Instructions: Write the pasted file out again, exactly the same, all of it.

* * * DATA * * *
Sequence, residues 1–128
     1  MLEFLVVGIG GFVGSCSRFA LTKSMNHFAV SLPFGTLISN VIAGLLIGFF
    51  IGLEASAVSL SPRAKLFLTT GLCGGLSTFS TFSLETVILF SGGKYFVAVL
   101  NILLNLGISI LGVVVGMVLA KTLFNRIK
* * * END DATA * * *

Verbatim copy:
Sequence, residues 1–128
     1  MLEFLVVGIG GFVGSCSRFA LTKSMNHFAV SLPFGTLISN VIAGLLIGFF
    51  IGLEASAVSL SPRAKLFLTT GLCGGLSTFS TFSLETVILF SGGKYFVAVL
   101  NILLNLGISI LGVVVGMVLA KTLFNRIK